PAGE FOURTEEN: /H12 DAILY COURIER, CONN! LLSVILliE, PA. FRIDAY, .TANTIARY 17, 1031;. Basketball Bowling By JAMJSS 31. IBISCLL. Trrn yn-i /fri fig" ;v " 1 hey U. follow Atlantic Directors Unanimously Vote to Pay National Circuit $8,000. I Leads tte Field in Los Angeles Golf MONEY DRIVE IS-LAUNCHED SOOTTDAMS, .fan. .17.--The St. Cardinal:; oC the ... National w i l l exorcise the Scottdale franchise in .the Middle Atlantic Jjeanuo In 1!KH), again opratlng a branch of !tr elaborate farm system la the Mill Town. Unanimous action was taken bv the board of directors of the Scottdulo HasehnU Club nt its meeting Thurs- d a y - f V ' c n l t i K "t thu Borough Building to accept the offer of the Oarrtluivls (0 rive the community hers u cla.iay team in the Dally circuit for $3,000. Tho St, Louis outfit -will handle all financial obligations during tho 1630 campaign as wag the plan laat year, tho Cardinals making up any deficit which miflit bo Incurred uiul '-hit 1 US' liable for payment'of players, upkiK-p of grounds, transportation expenses and other incidentals, A campaign Is now uud-er way to raise- f u n d . * ' t o clear off the old debt. Tho winners o£ the two uutoniolilltis which wore to be. awarded last spring have agreed to a settlement. Officials o£ the local club declared that tho closing ot tho contract v.'lth the St. Louis Cardinals Insures the tans of this c o m m u n i t y tfoocl baseball. for 1930. It was pointed out thai j under th(- terms of tho contract $1,500 w i l l bo paid to the team on February 2 iuul tho remainder on tilt- opening clay ot , the Middle Atlantic League- play. It has been indicated that Edwin Hawley Dyer, who piloted the Millers in 1029, will again handle the reins of tho Little Cardinals next soafion. KtUHo w a s vary p o p u l a r with ?wy club in the circuit and ho proved to be a wonder at getting the beat out of his youngsters. While t h e Scoltdale club had a batting average of .302 its showing ' which wiis somewhat disappointed was due to erratic work of the ruoumlsmon. However the Cardinals will handle this situation with greater s t r e n g t h in the k n o l l division. Scottdale's baseball team au. a, farm way a 1 !Utdnd success, the average a t t e n d a n c e at borne last year for uueh game was S07 and considering the fact that 57 were staged al Athletic Park the figure is very good. There were 1,7(M persons In attendance at the St. - l / o u i s Cardinals game which imuki.'d t h e appearance of the National LeugU'M-3 in action against the Lit- llo Cardinals. Incidentally. Dyer's boys ataf.ed i great n i n t h Inning; rally to beat t h e bis leaguers. I n a s m u c h as no money will be expendcd on tho field this year, this will allow the club more f u n d s find grant it a bettor opportunity to get i n t o a sought financial condition. MONARCH CAGERS SCORE ONE POINT COUNT OVER BUTE Monarch e cored, a singlo point decision over tho Bute baeketeers ye«- l onlay afternoon in anothor of tha t;orie« of games between the two oiouicntary grades in Dunbar Township School District. The final count oE the fray played ai Monaruh was 1C lo 15. Tho " l i n e - u p : aionnrcli -- I (!. .1. Saks" K Ausoll ............ If. Francis .f. Yoglii B. Oglolhorpo Den«wor« ffhuta, of Cthimbas. Ohio, was,still leading tVie field at the close of the third round of th» $10,000 Lo* Angelas open golf championship. Thu Ohioan scored n 75 on hi,' third eighteen for a 64-hole totel of 222, which gave him a thres 'stroke lead with wnich to anta* todaj^|_finaj. Truth or Heroics About Story of Joan of Arc? Although Investigators hare fnlrly well proven i h a t Joan of Arc was never burned nt the stake, but was told to take off her male attire, go home and never (ifcbt ngnln, there are roany people who want the world to stick to her story because It Is heroic and Inspirational, deelfiros the VVora- man's Home ( nrnpanlou. The magazine adds, edltorliilly, t h a t It Is fnr better to accept the findings of thorough research. According 'o the article, Investigators found records of Joan's visit to Jfetz In 14,'H, flve years after her death rva« bMeved to bnve taken plnce, and subsequent papers rerord- Ing her marriage and a costly girt to her by the cl'y of Orleans In incmiory of the good die had done during the e!fi:;e of the city. This was eight yeiu's after Joan's ashes were supposed to have been scattered In Uie Seine. "For our part," concludes the article," we prefer to know the t r u t h «ffn when 11 hurts. In tlie long run, there Is hothlug so Inspiring ns true knowledge." League Graduates In International Official averages ot the I n t e r n a - tional League 'tor 1MB show that Elon "Cuicf" Hogs'ett, Charley Flo'h'or, Joe Hflrtmuii. AI Arvin, James "Rip" Col- Una, Orrel "Applen" Holland and George Tiee, all graduates of the Middle/ Atlantic League, rounded out a pretty fair season, "Rip" Collins, playing flret base for Rochester, hit the ball at a ,31« clip iu 814 gamQB, The former Johntitown fly chaser was the home run Icing- of flha International with 88 circuit swats to his Credit. Ho also led the circuit in nine batted In with a total of 134, Rip also gathered' 38 two- haggers anil 12 triples. Holland, formerly of Scottdale, an outfielder, who waa sold by Fairmont to the BaJ-tiinre Orioles *t the C!OI D ,-O of the 192S campaign, batted .287 in 22 gtvm*a, Tlco, formerly of Johnstown, an outfielder, hit .277 in 95 games Cor Ma ulna 1 while Sid Conley, wtfiotu Cumberland sohl to Montreal lu 1928 Jilt for «. lota] at ,20S In S7 contests. Brnle S.-ibo, IrifleMer w h o went from Clarksburg- So Jersey City, bailee! ."33 in 24 g;ime«. Joo Ilaaaler, who jilayed shortstop for "Wheeling several years u.?o, ·ma.d'O it. .231 in 40 guinea for Baltimore. Jim Callerau, an cx-Joannette li'.lielder who played with both Jersey City and Heading, had ft figure of .'!%. Lawrence Flutter wli-o cavorted about the otitiield for C u m b e r l a n d about four years ago had a mark of .182 for Chief MOUNT PLEASANT ELEVEN TO BEGIN SEASON SEPT. 20 Mnyersdalc Scheduled in First Contest, Scoffdale Booked In Final Game. ·The former Mario:, Twpie,, of New Orleans, Pan-American golf champion and for aor Southern woman's champion, leaving the church with her h isband. Robert Chaiaberiain Lake, of Jackson M, I* I,, just lXty jjuucrisyxo to K«v Orleans. SPORTS ULEAIINGS ! ; who graduated from , _, , , to Montreal where ho won J * wfrl K "- - P !1(H ot ' 10 TMlsTi«r{f 22 games and lost 13 last vear l» now Pirates. htiB a r r i v e d in thal_ to with the Detroit T! K WB. Charley l:( " n ptol« p l a n e for tins riuiimff trip CM ,,. ,, ., «-.»! ",v B l l T j ( f K h G r i m e s has no yet. arrived FWh-er, another s o u t h p a w , who w e n t t a ] k ;ihm!( t f i r m f . a i l ( J , l i g W ) l l t r a ,. t to Newark from J o h n s t o w n won 18 L n w a i , , n j f , l l m .,, l b e ti}llVs }lead . nnd lost 13 for t b ^ Jerseyltes. A! J n u a r t e ) . s . M a r v i n , another graduate from John*-! t o w n , scored eight wins and eix IOSHOH for Newark. JOB Harinwu, wlio t w i r l - I/loyri Warier, you us ) Irate center. , ., , fielder, may uuderjio ai appendicitis i d for Johnstown for three soaeon« 0 , ) e r a l inn. An X-ray photograph will Von four and lost a similar n u m b e r o f i b e ) t a k e n a n r i t n c ( i ( i c i ! t i o , will dopend u p o n \yhut tho rMKatlvo hows. j;amca for I^pntrenl. Tho 'worst e-liow- ing wa« made by Jacli Hopkins, fcicott- dalc ace of ihreo years ago, who had | B lhany Ooll.-gr w n its sixth record of four wins and II losses s t r a i g h t basketball vl ory on tho lor Jersey City's skeelera. Nature Gave Great Auk No Method of Defense The Great Auk or gare-fowl was the only bird in the n6rthern hemla- pliero that, could no|: fly. In general appearance It.resembled the penguin. It was about as large na n goose, was black on Its head nnd back'nnd " w h i t e homo floor last n i g h t by taking Michigan Si-ate across, 3B-27. f * ( , # . . Robert W. BmlUi of Oreensburg- scored a 77 at the Pimhurst,· N. C., l i n k s yesterday to lead a Held of BO golfers Iu a "two-day rou id robin tournament. '. . - * Va * City ofltcial-s of Pittfsl. n-g last night paid tribute to tlio U n i v rsltjr of FU.ts- « u t c-- 1 5. 1° ..................... !·'· Oldlund K .................. V. Honnell C -------- ...... . H. "Lega-rlb. t! ........... ... C. Gismondi ti ........................ J. Almaai Substitution -- 1'estla for Yogla. Ktoltl goals -- J. Saksa ;5, E. Ariaell, 1\ Francis, I/. OUIIand 2, F. Hormcll '2, H. Lcgarth 3. Koiils--J. Saksa S, K. Annell, K Francis, J. Yoglti. K. l.ugarth. Suoriug by auarlara: Monarcti __ ~ ............... 'I 4 4 4-- Hi E5uto _______________ ....... 4 2 2 7-- 15 Arkimsas Levcc MT3MPPHIS, Toun., Jan. 17.--A ·nvador break in tlio Big Lake, Ark., levee \\'u.u rported to tho Fedora! engineers' offico hors- btto last night. Wat«-r ivas pouring through A 300-foot crovasfo and that moro than 170,0 ; 00 acres of oxtrem-ely valuable lunds luw! been flooded. Use Classified Arts. KesnL'ts q.uickly follow. Of Course Smart Dog Kno.w Telephone's Uses Evidently Dynamite is well named-not the explosive, but the six months' old terrier hi Denver which was credited ·with telephoning the police to liberate him from a Jewelry store where he find been Inadvertently locked in. It aeoms Miat Dynamite 1'ell nslecp under n counter when his master was making a pitrclmse. He failed to vake up until afer the afore was locked for the nlglit. When he did nwnke, It wn» to find the place in darkness, nnd barks and Howls proved of no avail. Finally he forked Che telephone to the floor, thus releasing the receiver from the hook nnd signaling the operator, She heard tho dog's bfU'k unu notified the police, with the , result that the; riot squad hastened to the scene., Whether or not the dos knew what he wo.s doing when he "telephoned" for help thi police are nt a loss to deteruaine, but the owners of srcmrt dogs will believe that he did know what he was doing. Jx'ueath. Its legs were very far brick h,urg football team nt a dinner in the so it stood almost upright, having, on I chamber ot .Commerce rooms, pre- land, the appearance of Bitting on Its tall. It ranged from the Bay of Biscay to Greenland and was found In greatest numbers on certain rocky la- lands near Iceland and Newfoundland. It was quite helpless ngnlnst enemies on land and waa killed largely tot the isnlta of Its feathers. The last known example was killed In 1844. Its eggs are highly valued by collectors, sometimes bringing 'as high as $1,000. There are only about seventy examples known. The great auk was the biggest of: a large family In the Bpe- clea, comprising guillemots or murres nnd puffins. They breed In rust mixed the P a U t h e r a w tb the City ot PHtsburjj and t h o Cha tiber of Commerce trophies. * * * The Pitt basketball t :am faces one of its hardest ussigtun nts tomorrow nijjiil--tho iN'otro Dame tjulutot. Tho greatest t h r o n g of spe tators ever to jam into tlio S t a d i u m avHiou is anticipated. r if qi Max Schmoling,; -iornnui heavyweight, announces; in Sarlln that ho does not intend to null tlie ring. His ambition ID th winnar of the communities on cllffi ledges from Greenland, Iceland nnd Spitzbergen to the St. Lawrence, Mnlne nnd northwestern IDurope. They lay a targe i eeiveB blotched egg pointed nt one .end so salary It tends to roll In a circle, thus not falling from tha ledge. Jack Hliarltey-l'hlt Kc.i tt t\gl\t to be held at Miami on Marc t 2S. TelephoB', Courtesy A western hospital has made Itself ! known as ;\ "friendly place," largely ! through iH attention to telephone j cnlla. Superintendents know how many calls come In euch driy and how onxlous nmst of the people are who make Inquh-y concerning some relative or friend. This hospital tins realized that this 1* the time to treat people the most c n r p f u l l y In order to make a good Imyression.- Scottdale Bulcks Will Play Monessen Saturday ** ts SCOTTDAI...B. .Tnn. 17--'FC'lloweru ol f t5uii:k« baslcetball team will gath- f In liirse numbers at the State on Saturday evening to wlt- t!\o couteci bstween the local thiinipiona of WtHUmorelaud county uiui i l i o KulglitB of rythtan quintet o£ .Moiit.-'i^t'U. Tin: Sf^-ttlcs were decisively trtoi- nri s( t!io Monessen grym about a vc^k jiao o n d f h p fefe«t. just didn : t, sf, 1 '-'! to Uifi .\fiUon* who ar? dofer- to ;:dininiater a more «evero lacing to 'In; Mononp:aliela Valley BsIinguaHim in Africa Amusing to Americans One of the first features .to strike an American visitor to Soiith Africa is the country's bUlugualtstn. As he steps off the boat at Cape Town he Is confronted by the double admonition, "No Smoking--Nie Kook Nie." \Valk- iug up Adderley street, principal thoroughfare of the city, be Is told to "Keep to the left--Links houden." If he wants to tnu.Il' a letter back borne Jxs roust by a "stamp--posee!." and if he buys more than one stamp be will find that while one Is Inscribed "South Africa," tl(e next Is nmrkcrf "Sutd- nfrika." At the railroad station he will find that t h e name of the city is given as Cnpe Town and Kaapstad, and the dining cars are labeled "Dining car-- Eelsnloon" on a railroad known both as South African railways and Buld Afrlgnrmse Spobrweg. And so on. Every official or semiofficial notice in the union is printed In two languages --Kngllsh nnd A f r i k a a n s . Meanwhile the K n g l l s h r n a n Brumbies about having to pay extra taxes to meet the cost of reprinting' notices In Afrikaans, and the Dutchman wonders why 1:he expense of using ICngltKh na well HS his own language should be tolerated. More oirliushwiu is added to tho I light with ' h o announcement that s«v- | oral of th» athletes of tho Oharlercl I quintet will bo on tha Monesaon roster. Chn/plftrol, by the way, wn« tn hav.j played at .h Mill Town ou WP.-IUO;-- day but reneged, when it was UM by "iile-'i f nanm" fever. Babe Uulh's action when he. reins contract-- w i l i n g for a or $75,000--\vh ch is 1.10,000 lower t h a n h i s dem uul, is being watched by fan.-; with i oiisiderable iu- jteresl. There are a io oc people who (like the!)- InisclmH and ita great slarH who thlii.k [lie K i n g -f tlm Swat ia gctl-ing jusi. abotu as uuicli as lie is w o r t h . · * 6 Ther'j aro no i'ewe · than 5i) golf clubs in and around 'hilndclphia. V f I The 'Davis C u p ten n .s Una IB w i l l bo held in tho A'r.teuil a adium at Paris J u l y liO, 2G and 27, 1'j: ·). Tho l-'ii-ate.s had Hi- u I I m m e H t year eince- (he war d e s p l t l.h« fi.ct that the c i u J j was in first, p ;ice a long time. * » . T u r f m e n estimate U o sales of races bred by the la to Jo ,n E. Madden, America's foremost I reedcr, totaled nearly 31,000,000. Handball' is rapidl. becoming OHO of G e r m a n y ' s most po mlar sports, i n Herlin alone m o r e , t h i n 13,000 mem and women play tbo ;ame. W n l t c r llerjcer, out ioldcr, has been traded to I lie Cocston N'ational /^eaguo c l u l i hy t l i o Los A n g -los team of tho Pacific: Coal, League. * * » Kausa/3 CHy, Mo., iia girl baelcet- ball p l a y or*; represe.n in^ an Indepeu- j d e n t . I n d u s t r i a l a n d .Sunday School in in ; u - i i n i . Redstone Township High School yestord-ay waa officially declared scholastic football c h a m p i o n ia Fayette couiUy d u r i n g 3S20. Tlie presentution of the trophy of tho Ptmn State A l u m n i Aseoclation of :Fayett Comity waa the act that formally crowned the Republic olevtn the titlo boldovs. "VV. A. Baer, a member ci£ the preeentutlon committee, gave an outline ot tho polnt« considered, prior to tilie giving of the trophy. It was brought o u t " ' t h a t . Redstone Township started playing football in 1920. The Ural couple of. years wore pretty lean but starting in' 1'JZ'd the Gcliool took Us place a m o n g the toy- notchera of the county. In that sea- eon tho firtst ccHinty championship award wna made and Redstone won th honor. l a 10 years of g r i d i r o n competition the school has tho dis- Unction of winning tour county tltlet;. J. Harold A r n o l d , prenidont of tlin Payotte county association, made tho actual presentation at the b c i t u t t f u l trophy, vrtiluh iluds a football player In tho act of r u n n i n g , atop a Cull eizcd silver covered football. Tho trophy stands 37 inches high, with a short «tem and pedestal painted with green enamel. In his remarks Mr. Arnold complimented the school upon its achievement)? and told of some'of tlio trials wlilch l team must undergo during u «eti«on and. of thu bone file to bo derived, Michael Dolio net-opted the trophy on be'lialf of tho school, delivering a well prepared speech. The the COM- cluoion of Die acceptance address, Uio girls' chorus sang the Ponn State Alma Mater. John Burns, captain .and g u a r d ot t h e 1929 c h a m p i o n s h i p team, and Coach Smith of tho eleven, were called u p o n for a tew remarks. Dunbar Townnliip High School wa« voted runner-up to Redstone, HURST CLASH NOVEMBER 8 MOUNT PLEASANT, Jan. 17---Mount Pleasant High. School will open itfi 1S30 football season at homo with Moyersilale on Sept* tuber 2'0, ac cor fling to the echedul') officially announced. The .program, however, is yet to be completed, there bolrig two dates--October "I and November 22. N i n o Raines, already aro ,.llned up. On the bee IB of M«yersIalo ia tho game at Jeanne-Lie -)ii September 27. There is an opon ilato on October 4 and (hen ou October 11, Young'wood v/lll u.itMe the Mounlieti on the local gridiron. Kant I-funtlngrton, whcb in expected to bavo tho· slronge. 1 1 Loam in He history, IH BchtHluled to appear here on October IS. Perry Township, a club which has taken its place among the leaders o£ Class B in Westmoreland county ie to offer home followers colorful entortainmi-nt ou October 25. Following Dorry is tho Latrobo game wtilch will bo played on November 1 at home. T!HM comes oue of tho outstanding games )f the campaign w h i c h ia markqd. b} k-een rivalry am! stiff opposition--Hv.rat. This Imttlo w i l l be playel «t f h o Hurst grounds on November S. We.U Neivton w i l l n t t o m p t to obtain revengro for tlie ,sli iglng defeat administered by Mo i n t Pleasant last reason when Coach Clifford Slngloy takes bis eleven to that place on November 15. November 22 at r resent, in opon and t h e n follows the. tri dit.ional game with Hcottdalo on Thanksgiving Day. Ths Turkey Day contest will be played in the Mill Town on November 27. The 1920 schedule follows: ' Sept. 20--Meycredalc, horn . Sept. 27--Jeanudte, tnyay. Oct. 4--Opon. ,Oct. ill--Youngwood, home. Oct. 18--East Htintingdon, Jiomo. Oct. 25--Derry Township, Jiomo. Nov. 1--Latrobo, home. Nov. 8--Hurst, a w a y . Nov. 15--West N e w t o n , away. Nov. 21'--Opon, Nov. 27--Scottdnle, away. South Siders Have Scheduled Rambler Club of Uniontown us Opponent. HOPE TO PLAY CASEYS SOON Tho Kfsiifiy Corner, ono of tTirro ntaimantH of the city basketball tif.k, Trill swlnj? into action again this evening, mooting" the Uniontown Ramblers at S o'clock at tho Stato Armory. Tho Corner "quintet is meeting any opponent -which Issues a. challenge and H was deo.lared yesterday tbat tho outfit in looking f o r w a r d with considerable IntercBt to tlio day wheu it will meet tha Casey (Hub, which toam displayed a classy a b i l i t y on Wednesday nijjht against tho I,atrobo Mtir- docks. The Ramblern Is a club corn-posed of former Uniontown and North Union Township High School players, Newly organized, it has not Been, much acf.ioi: aslda from considerable practice However, tho quintet may be expected to give- a good account of itself. Th( fact tho club is from. Uniontown ·wil' be sufficient to make the Corner quintet hustle. Tho Corner aggregation, has no' been defeated yet this y«av and ha: registered seven straight victories. I is acquiring ciufto a to!lowin.g, ann ^ some good crowds v/!li again fill tb' Armory wheu the- Casey-Corner batitl · is arranged.',. SMITHTON EASILY CONQUERS WAVERLY OIL FLOOR OUTFIir Smilhton Indepe-ndenta chalked up a ·11 to 15 victory over the "Wavorly Oil quintet of Scottdale. Fisher acd Zaffcy led in the scoring with 3 4 points each. Clubs doairing to clash ·with. Snrttli-' ton are asked to call West Kowlcn 9171-J, after B P. M. and aak tor Ji:oi Zafl'cy. T'ho line-up: Smlthl»n-- 41 Wavcriy-- (3 Lea lie ............. ...... .. ....... F _ ,, _ Ruth Stoopu ...... ------------------ C - McClacn F. Frost ....... ..... _ ..... O ___________________ Farm L i f e of Olhei- Day. A pleasant picture of A n i f r J c u n r u r a l life nit exported In UIB I'nnn Journal of Kovember, 1870: "The tobacco has all been gathered In and the farmers nro busy cutting rorn and set-ding. Thpir w!v«?s a r a making pumpkin plea. Th» hie hoys · D u r i n g f h o I n s t ye r, 91 are after the girls. The l i t t l e hoys ; t^rs wor 1 ? us n d by '.' e lit are after tha muskrats." j tji« A m e r i c a n I . p a f f i i ' « n d Dul'.t V n i v i I'Hily, i iniii'i'ly T r i n i t y , woe l l i i - llraf, Hchool t i p l a y fooiball in North C a r o l i n a , c l n i litiR t h e champ i o n s h i p of the H o u t h bar-k in JS!)0. p I n c h n: £ i n n d I average of bits proved to be- .214. * * * George Burns, outfielder, formerly of tho New York GiauUs, h a w been sig-n«d as manager of tho San Antonio, Texas League c l u b for .1930, . Kir Henry Segrave, the celebrated Bvitish auto and power boat spec-] rac'cr, is planning a .speed ?joat which be- ciaim« w i l l attain a speed of 120 miles an hour. * V 41 V Los Angeles ina!a $10,000 on 'tho sale of Pitche-r Augio Walsh to tho Cube. Ho was brought from the Phils a yuar a.^o for $10,000 and turneil over to' tho Cubs for ?20,000. * * * Cob Shawkey, New Y a n k e e pilot, and "Walter Johnson. Washington manager, are- t h e only club leaders in tlio major K-aglie-a who were pl-tchers ciiir- IIIK t h e i r active p l a y i n g d«,ya, Six Mojid I'rcmi Infected I'ork. S l v V ' i l , l / K , S p M i n . J a n . 17. Six v i l - lutii-i's ;in' ilt-'Mi! and i n o s l m' t i u - j DllH'i'.-., 'i'l i i i l i a l i i i . i u i l s of A i n i a i k ' i i i i i : la I ' l a i i U i . havi inxju ina(5(» ; e r l o u s i y i l l f r o n t e a t i n g pork w h i c h Wii: 1 , f o u n d to bo i n f e c l f i d w i i h tricbinoslf,. H O I I I C H . ' Thundjfstorjnii The tbtinderstoi in IH owing to the rapid vertical convection of air containing a liirge amount of water vapor, The lower air must, therefore, be rather w a r m , sny 70 degrees P. or over, else It would not curry the requisite amount of water vapor, and the temperature frrast decrease rather rapidly with increase of height, elsn there would be but littse or no convection. Now, In the summer time the humidity in Oregon nncl Washington is rath, er low. Hence thunderstorms generally are fmprnbcblc. Tn the winter time, when most of the rains come, the surface corm jonly Is too cool to not up vigorous vertical convection. Hence thunderstorms are not likely. Thunderstorms rro not frequent In Oregon and Washington any time of the year. Thunderstorms occur very infrequently In California, Zaffi-y .......... _ ................. G ....... __________ Counora Subfitltutione -- Bovo for Lealce, ";.-!. Frost for Stoopf?, Grouse for ]?. Fro-il. Field goals -- Fisher 7, Zaftoy 6, F 1 . Frost, Stoops 2, Bove, Roth. 2, Ruih, Amend, Coiiriors 3. ' Fouls -- Smilhton, 7 out of 15; AW · v. ci-ly, 1 out ot S. Fighting Forest Fjre« The majority 01? people believe forest fire fighting- 10 be just a laborer's job, but nothing could be further from the truth. It Is ·« a strictly , dentine basis nnd nothing is done at random. There is n definite system of organization which .designates to ench mnn a certain tool to use and a certain position In tho crew. The crews usually consist of from 0 to 12 men, under supervision of. R warden or a ranger. On a stanll fire, ten acres or less In aren, Tie crew Is usually enough, but on large flros, anywhere from 50 to 300 mm, are employed. The . Implements used are ' axes, brush- hooks, shovels, rikes, water tnnks and torches for setting backfires. The proper use of the lafter Is tho best means of controlling forest fires. Variation in Star* Tlicsn words "giant" nnd "dwarf" sters brtve reference to Intensive brlRhtness rather than to in ass. thott;;h differences In volume are I n v o l v e d . Ono theory of star evolution Is Unit In the beginning'it!! stars were of g is of extraordinarily low density and of !o\v tcmpcnUure n u J surfnce b r l K l i i ness. Such are the red stars. Tii^.v contract, groiv contluunlly hotter, a-)d pass through successive singes t o w u n j the wbite-bot slate, although not i l l stars reueh ( b u t Binie, The Kt.ars i n derj;oing these chaiiRcs in the ascot d- 1ns branch nro chlelly Klnnts. Aft-r- word the stars begin to fall off in temperature and luminosity and g r a d u a l l y pnss to the red stage and then 1.0 !n- vlslbility. The stara on tbls descending branch ore termed dwarfs. li Game Protection In Kngllsh law the term "groi.nd game" applies to Imrcs mid rabbits, which are subject f.o extinction by the occupants of lands to protect ti eir crops from Injury nnd loss. This removes thcsje animals from the pro notion Which, In the Interest of thp sporting classes, the Kngllgli :«w throws about wild animals which are hunted for sport. Ordinarily the possession of land confers no right to kill or snare game found thereon, bu : in Is not uncommon In Knglaud to iiro- vlde In a lease for tho keeping down' of ground game. Every Ten Yearn Bill, the neighborhood cutup, remarked: "I'm going to. give my dog a census bath tomorrow." Charles, always curious, asl.od: "What's a census bath?", giving Bill nis desired chance to explain, "It's '-ae token every ten years, and count the Inhabitants!" Dunbar Township Lassies eet Coker Team Tonight home altefl advartlsed in our claetaJ- j fieri c o l u m n s -- r p a r j thoai ovrer The girl ba«k« i of Ibo D u n i i a r l T o w n s h i p High .ic.Jujol w i l l i n v a d e Uio stronghold of t h e C o n u e l l r t v i l l o High t o n i g h t in the h i s t Ka.m-o of the a n n u u l serip.'t, w h i c h , i n c l i i t M i i . a l l y . w i l l m a r k l h ? c p c n l n i ; o f - l i e criKo g r n s o n f o r boi-h. j I ' t u n l i a r ' s l i i n i n r a n u l w a y - H |ji ;' c o t i n i c i l o n I n j ' t i t u p u m e r r y l i a u l o i-t!K'U-lles«i o f H I , " o t h s r l i i l ' o r m m i o i i ; ( h a t m a y b o p.(tend a r o u n d a n d t h e i:!u!is nhou 1 up 1 .'iil a g a i n s t f l i p Cokerr-i! w l i i i - j i !))"ini.s i i n Din f.:r;uiR' n n d ' H l a c k l ; t i i ; - i c ^ v I!) h a v e lo bf on .mil, A n o l . h n f o! : IB 11 mi b a r Town!-,)-, I n i o u t f l l a to v e n t u r e U». t.he High School gymnasium tonight 'w tho freshmen quintet which !« scheduled tc do battle with the Junior High S :bool club in the p r e l i m i n a r y to the girls sp-tto. Tho frof-h «r! reputcl 'o bo n i i H c u n l l y f:iKl a« can bo gleaned from t h e rude (setback T). 'i\ c o n t l n g e r t ad- minlsiorcd to th« cnnibincd freal. m a n - soriliomoro club ot Maat iluntiijgdou TowiiKhlp. The yo!irlln«« who next sencou w i l l h« Ju a poeitl-.m lo v n f o r h'n-lSicj on r!m \'nvity h/ivr- por). dvj :j .·vroorith t v ^ m b i n a t i m i .'»ri'! t h e .'ovnn Cokcrs w i l l hf |II-I--A/?M.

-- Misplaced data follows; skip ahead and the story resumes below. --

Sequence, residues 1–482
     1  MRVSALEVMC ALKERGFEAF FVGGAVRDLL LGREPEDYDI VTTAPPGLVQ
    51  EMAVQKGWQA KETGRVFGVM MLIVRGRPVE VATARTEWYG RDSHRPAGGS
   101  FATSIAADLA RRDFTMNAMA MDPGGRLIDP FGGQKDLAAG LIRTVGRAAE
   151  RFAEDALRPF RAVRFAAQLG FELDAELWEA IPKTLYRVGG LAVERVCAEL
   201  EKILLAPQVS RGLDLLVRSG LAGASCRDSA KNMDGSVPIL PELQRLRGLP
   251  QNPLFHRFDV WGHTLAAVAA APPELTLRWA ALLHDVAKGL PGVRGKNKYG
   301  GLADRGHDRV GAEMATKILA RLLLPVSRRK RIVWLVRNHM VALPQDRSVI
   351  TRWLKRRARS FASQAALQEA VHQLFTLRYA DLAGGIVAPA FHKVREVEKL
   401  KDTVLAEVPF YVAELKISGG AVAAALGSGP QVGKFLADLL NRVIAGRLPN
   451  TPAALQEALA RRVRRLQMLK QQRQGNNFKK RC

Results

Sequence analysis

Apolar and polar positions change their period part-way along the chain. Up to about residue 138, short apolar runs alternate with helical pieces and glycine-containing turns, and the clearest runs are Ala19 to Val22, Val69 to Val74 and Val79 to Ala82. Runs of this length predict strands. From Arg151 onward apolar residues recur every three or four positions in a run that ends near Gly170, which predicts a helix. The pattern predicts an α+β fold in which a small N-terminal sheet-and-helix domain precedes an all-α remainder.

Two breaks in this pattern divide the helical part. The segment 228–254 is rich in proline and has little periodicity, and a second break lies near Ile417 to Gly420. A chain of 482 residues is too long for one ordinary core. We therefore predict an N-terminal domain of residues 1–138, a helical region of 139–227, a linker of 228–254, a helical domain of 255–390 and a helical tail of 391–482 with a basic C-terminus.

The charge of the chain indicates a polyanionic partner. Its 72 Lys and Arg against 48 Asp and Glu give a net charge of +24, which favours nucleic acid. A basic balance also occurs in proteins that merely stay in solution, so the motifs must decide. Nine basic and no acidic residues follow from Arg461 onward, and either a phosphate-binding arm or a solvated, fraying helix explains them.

What members have found on this page

Get access to

  • The largest online newspaper archive
  • 8,600+ newspapers from the 1700s–2000s
  • Millions of additional pages added every month

Try it free